There’s no denying that Coca-Cola is iconic. From the logo to the bottle to the ‘Holidays Are Coming’ advertising, it has ingratiated itself into American and world culture. But, would you want to wear it?
Coco-Cola, the $40 billion business has seen revenues stay pretty much static over the last decade and its diversification into other food and beverage areas – Costa Coffee, Innocent, Smartwater – is well documented.
Clearly eyeing the potential of collaborations, and wondering why Coke has sat back and watched as the world has been inundated with numerous fashion collections from other iconic American brands such as Disney, Barbie or KFC, somebody at Atlanta HQ had the unenviable task of making Coke the new Disney. (Indeed Coca-Cola and Disneyland Paris collaborated on a limited edition collection earlier this year, see main image).
In April, this year, a flagship store, the first of its kind in Europe, was opened in Covent Garden hoping to provide consumers with a ‘Real Magic’ retail experience. Shoppers had the opportunity to buy Coca-Cola limited-edition apparel collections, exclusive designer collaborations, and sample unique Coca-Cola serves at the ‘Beverage Bar’.
The Coca‑Cola store’s exclusive clothing collections included a range of sportswear and workwear as well as a sustainable apparel and accessories collection made from recycled plastic. Fashion collabs. included Soho Grit, Alma de Ace, BAPE, Herschel, Staple and [email protected]
At the time, Michelle Moorehead, Vice President of Licensing and Retail, The Coca‑Cola Company said: “We have opened the doors in London to our first new concept store in Europe. This store is a chance for us to provide Coca‑Cola fans with a premium array of fashion and collectibles, and fresh ways to experience our drinks.”
It was announced in October 2022 that the store would close in December 2022, just over 8 months since it opened. On a positive, new Prime Minister, Rishi Sunak told two school pupils in March 2021 that he “collects Coca-Cola things”. They will need younger generations to be more engaged.
The brand still has Coca-Cola stores in Atlanta, Orlando and Las Vegas.
What went wrong and can this sugary American giant still succeed in the fashion arena?
Brand and culture expert, Nick Ede, says, “Coke is an iconic brand with a history of being more than just a beverage. The logo has been seen on many occasions in film and TV and going into fashion and merch is a natural progression for them. Not only does it solidify the brand identity it also makes younger generations buy into the brand even if they don’t consume the actual product,” he says.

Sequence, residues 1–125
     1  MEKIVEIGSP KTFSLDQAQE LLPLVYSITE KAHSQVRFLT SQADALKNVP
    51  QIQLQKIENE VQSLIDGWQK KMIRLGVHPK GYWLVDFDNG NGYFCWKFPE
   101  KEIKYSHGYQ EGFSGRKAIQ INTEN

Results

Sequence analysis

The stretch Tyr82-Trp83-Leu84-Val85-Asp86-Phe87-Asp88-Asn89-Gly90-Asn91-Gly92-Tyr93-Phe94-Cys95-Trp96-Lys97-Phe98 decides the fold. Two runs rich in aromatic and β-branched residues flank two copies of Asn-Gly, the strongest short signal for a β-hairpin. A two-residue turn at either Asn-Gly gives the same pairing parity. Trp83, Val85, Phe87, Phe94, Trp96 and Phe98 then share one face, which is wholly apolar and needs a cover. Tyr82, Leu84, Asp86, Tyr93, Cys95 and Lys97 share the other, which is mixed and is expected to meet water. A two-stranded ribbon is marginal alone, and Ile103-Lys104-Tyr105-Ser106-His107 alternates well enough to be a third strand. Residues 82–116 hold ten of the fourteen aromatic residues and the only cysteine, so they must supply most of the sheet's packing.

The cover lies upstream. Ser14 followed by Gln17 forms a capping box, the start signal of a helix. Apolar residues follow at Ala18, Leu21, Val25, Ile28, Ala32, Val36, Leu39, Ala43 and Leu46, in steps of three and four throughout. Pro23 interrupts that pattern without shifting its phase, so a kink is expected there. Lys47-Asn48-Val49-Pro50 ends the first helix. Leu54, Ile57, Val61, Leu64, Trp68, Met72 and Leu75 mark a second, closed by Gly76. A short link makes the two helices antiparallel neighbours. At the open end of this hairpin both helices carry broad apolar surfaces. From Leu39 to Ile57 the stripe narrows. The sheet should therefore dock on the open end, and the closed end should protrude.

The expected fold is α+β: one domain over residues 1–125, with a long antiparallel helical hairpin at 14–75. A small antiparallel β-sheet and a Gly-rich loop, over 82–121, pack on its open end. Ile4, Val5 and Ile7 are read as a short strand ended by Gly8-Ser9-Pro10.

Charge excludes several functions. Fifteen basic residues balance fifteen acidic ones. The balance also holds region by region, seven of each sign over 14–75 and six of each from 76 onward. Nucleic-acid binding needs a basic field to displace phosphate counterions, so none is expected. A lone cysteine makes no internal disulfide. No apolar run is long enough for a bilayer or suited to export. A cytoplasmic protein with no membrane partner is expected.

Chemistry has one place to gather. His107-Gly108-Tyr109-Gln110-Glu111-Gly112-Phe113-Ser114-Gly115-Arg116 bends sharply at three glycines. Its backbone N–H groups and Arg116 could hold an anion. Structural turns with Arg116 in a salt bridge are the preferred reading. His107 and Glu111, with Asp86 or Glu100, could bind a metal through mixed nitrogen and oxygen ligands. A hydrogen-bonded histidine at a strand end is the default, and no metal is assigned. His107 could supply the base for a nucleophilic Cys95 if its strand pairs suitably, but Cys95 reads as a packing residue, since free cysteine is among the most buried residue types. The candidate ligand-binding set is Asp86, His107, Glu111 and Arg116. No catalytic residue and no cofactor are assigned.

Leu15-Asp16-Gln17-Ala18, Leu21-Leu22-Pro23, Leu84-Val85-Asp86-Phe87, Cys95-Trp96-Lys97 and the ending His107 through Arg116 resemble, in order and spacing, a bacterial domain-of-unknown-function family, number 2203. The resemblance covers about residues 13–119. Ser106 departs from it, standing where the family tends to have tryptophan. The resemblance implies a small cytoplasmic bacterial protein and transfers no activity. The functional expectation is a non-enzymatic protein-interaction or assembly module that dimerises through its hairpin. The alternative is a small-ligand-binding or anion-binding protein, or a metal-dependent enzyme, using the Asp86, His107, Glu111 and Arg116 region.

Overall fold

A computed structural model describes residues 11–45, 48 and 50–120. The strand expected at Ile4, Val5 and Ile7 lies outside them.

“A brand like coke can’t just rest on their heritage, they need to engage new audiences and like M&Ms and Lego there are really strong ways of expanding the brand, but keeping the identity intact,” says Ede. “Gen Z are much more conscious of the health side of drinking and that Coke has zero benefits to your health, so for the brand to keep in touch with its audience and engage they have to look at ways of cleverly driving interest,” he says.
Ede believes that a Coke shop in London is a tourist destination, but with footfall being at its lowest post-pandemic a dedicated store just isn’t sustainable. Coke needs to create demand in a retail space and currently it doesn’t have the product to justify this. “It’s a strong brand, but not in the merch space, there is only so much you can do with an iconic logo.” he says.
Ede believes Disney’s strength is in the characters and a roll out, annually, of new ones to meet demand with toys, apparel and then rides at theme parks.
“I don’t think (Coke) will be the new Disney, but I do think that they will look to create more interesting immersive experiences to engage a new audience,” he says.
“They need to look at how they can create characters or maximise on iconic things like their Christmas advert. They say, Santa in the form we see him today, was created by Coca-Cola so that is where I would start and create a world, whether that’s a pop up experience that is powered by the association between Santa and Coca-Cola and how holidays are coming.” he says.
There is a line between fashion and merch. It does blur, but it’s usually on the say-so or of a respected fashion name or brand.
Diet Coke has more success in fashion and has become associated with fashion figures such as Jean Paul Gautier and Karl Lagerfeld who once famously said “I drink Diet Coke from the minute I get up to the minute I go to bed. I can even drink it in the middle of the night and I can sleep. I don’t drink coffee, I don’t drink tea, I drink nothing else.”
The brand recently appointed Kate Moss as its new Creative Director and released a ‘Love What You Love’ Kate Moss campaign, partnering with London Fashion Week.
The main Coca-Cola brand could be better off trying to emulate Hard Rock if the aim is to be a tourist brand, starting with fun, family-friendly cafés and restaurants, rather than retail and having the logo-ed merchandise as an add on. The huge, new Brewdog at Waterloo has a complementary section selling branded T-shirts and hoodies.
Coca-Cola famously turned Father Christmas from wearing green to red to suit their advertising, so seasonal grottos would make perfect branding sense.
Coca-Cola is cool, but just not cool enough to wear right now. It has deep pockets so you do wonder why they are closing the store so quickly. Central London’s lower levels of visitors and footfall wouldn’t have helped, but they will bounce back particularly in the run-up to Christmas.
Coke will need brands and designers to want to work with them naturally and not just for the royalties or pay cheque. They will also need to be less protective of any icons it has and let people play and have fun with them. If Balenciaga can do £1,600 Lays crisps bags (although that brand has its own challenges beyond making crisp packets attractive) then an iconic Coke “hobbleskirt” shouldn’t be too far behind.